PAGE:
The Freud Museum


The Handling of Dream-Interpretation in Psychoanalysis (1913)

It is not possible to fully interpret every dream related by the patient in analysis. This intention would come into collision with the most immediate aims of the treatment if it were carried out. Also the patient can produce so many dreams that it soon becomes overwhelming - which is often the intention of the patient. To stay with the dreams means that the treatment will have fallen behind the present and lost touch with actuality.

"In opposition to such a technique stands the rule that it is of the greatest importance for the treatment that the analyst should always be aware of the surface of the patients mind at any given moment, that he should know what complexes and resistances are active in him at the time and what conscious reaction to them will govern his behaviour. It is scarcely ever right to sacrifice this therapeutic aim to an interest in dream- interpretation."

The analyst should just be content with the amount of interpretation that can be achieved in one session, and not to worry about losing material. It will all come back another day. There should be no exception to the first rule, that the first thing that comes into the patient's head is the first thing to be dealt with.

If the dreams become too diffuse and voluminous, you should tacitly give up from the start all hope of completely unravelling them. Don't give the patient the impression that the work of analysis would stop if dreams couldn't be analysed.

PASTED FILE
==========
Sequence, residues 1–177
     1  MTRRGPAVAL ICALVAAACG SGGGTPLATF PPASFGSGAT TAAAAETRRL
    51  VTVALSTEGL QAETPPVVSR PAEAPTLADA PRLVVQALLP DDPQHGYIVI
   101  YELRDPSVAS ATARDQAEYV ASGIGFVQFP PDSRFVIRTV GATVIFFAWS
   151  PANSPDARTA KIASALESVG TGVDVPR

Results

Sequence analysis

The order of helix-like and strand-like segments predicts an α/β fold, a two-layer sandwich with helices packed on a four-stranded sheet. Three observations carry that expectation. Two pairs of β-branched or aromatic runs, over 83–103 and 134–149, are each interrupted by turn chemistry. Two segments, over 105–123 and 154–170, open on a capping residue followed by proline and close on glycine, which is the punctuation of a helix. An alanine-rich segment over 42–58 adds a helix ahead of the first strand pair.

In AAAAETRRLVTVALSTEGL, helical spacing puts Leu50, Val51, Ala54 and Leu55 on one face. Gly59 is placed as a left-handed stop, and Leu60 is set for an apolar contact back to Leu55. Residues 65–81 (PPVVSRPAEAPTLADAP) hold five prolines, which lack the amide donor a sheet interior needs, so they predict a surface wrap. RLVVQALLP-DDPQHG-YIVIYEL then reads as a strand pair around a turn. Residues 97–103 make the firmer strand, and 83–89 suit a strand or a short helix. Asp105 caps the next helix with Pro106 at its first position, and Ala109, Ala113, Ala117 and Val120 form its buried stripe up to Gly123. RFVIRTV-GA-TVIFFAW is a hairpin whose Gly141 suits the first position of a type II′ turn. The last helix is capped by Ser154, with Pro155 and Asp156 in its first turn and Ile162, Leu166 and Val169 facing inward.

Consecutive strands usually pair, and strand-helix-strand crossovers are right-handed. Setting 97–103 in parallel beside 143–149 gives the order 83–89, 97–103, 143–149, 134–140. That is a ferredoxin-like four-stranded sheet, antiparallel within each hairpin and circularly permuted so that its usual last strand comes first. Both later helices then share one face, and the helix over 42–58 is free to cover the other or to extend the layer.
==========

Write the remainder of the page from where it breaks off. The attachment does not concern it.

Sometimes a 'full' interpretation can only be done after the end of the analysis, just as with some symptoms. You must be content with doing things in a piecemeal fashion, laying hold first of this, then of that fragment of the symptom's meaning. One must be content if the attempt at interpretation brings a single pathogenic wishful impulse to light.
"Thus nothing attainable is renounced if one gives up the idea of a complete dream-interpretation."

In any case, the same material will always come back. It may sometimes be best to abandon the dream you're working on and try another one.

"I know that it is asking a great deal, not only of the patient but also of the doctor, to expect them to give up their conscious purposive aims during treatment, and to abandon themselves to a guidance which, in spite of everything, still seems to us to be 'accidental'. But I can answer for it that one is rewarded every time one resolves to have faith in ones own theoretical principles, and prevails upon oneself not to dispute the guidance of the unconscious in establishing connecting links."

Don't worry about the scrupulous recording of dreams. "For even if in this way the text of the dream is laborously rescued from oblivion, it is easy enough to convince oneself that nothing has been achieved for the patient. Associations will not come to the text, and the result is the same as if the dream had not been preserved. No doubt the doctor has acquired some knowledge which he would not have done otherwise. But it is not the same thing whether the doctor knows something or the patient knows it; the importance of this distinction will be more fully considered elsewhere."

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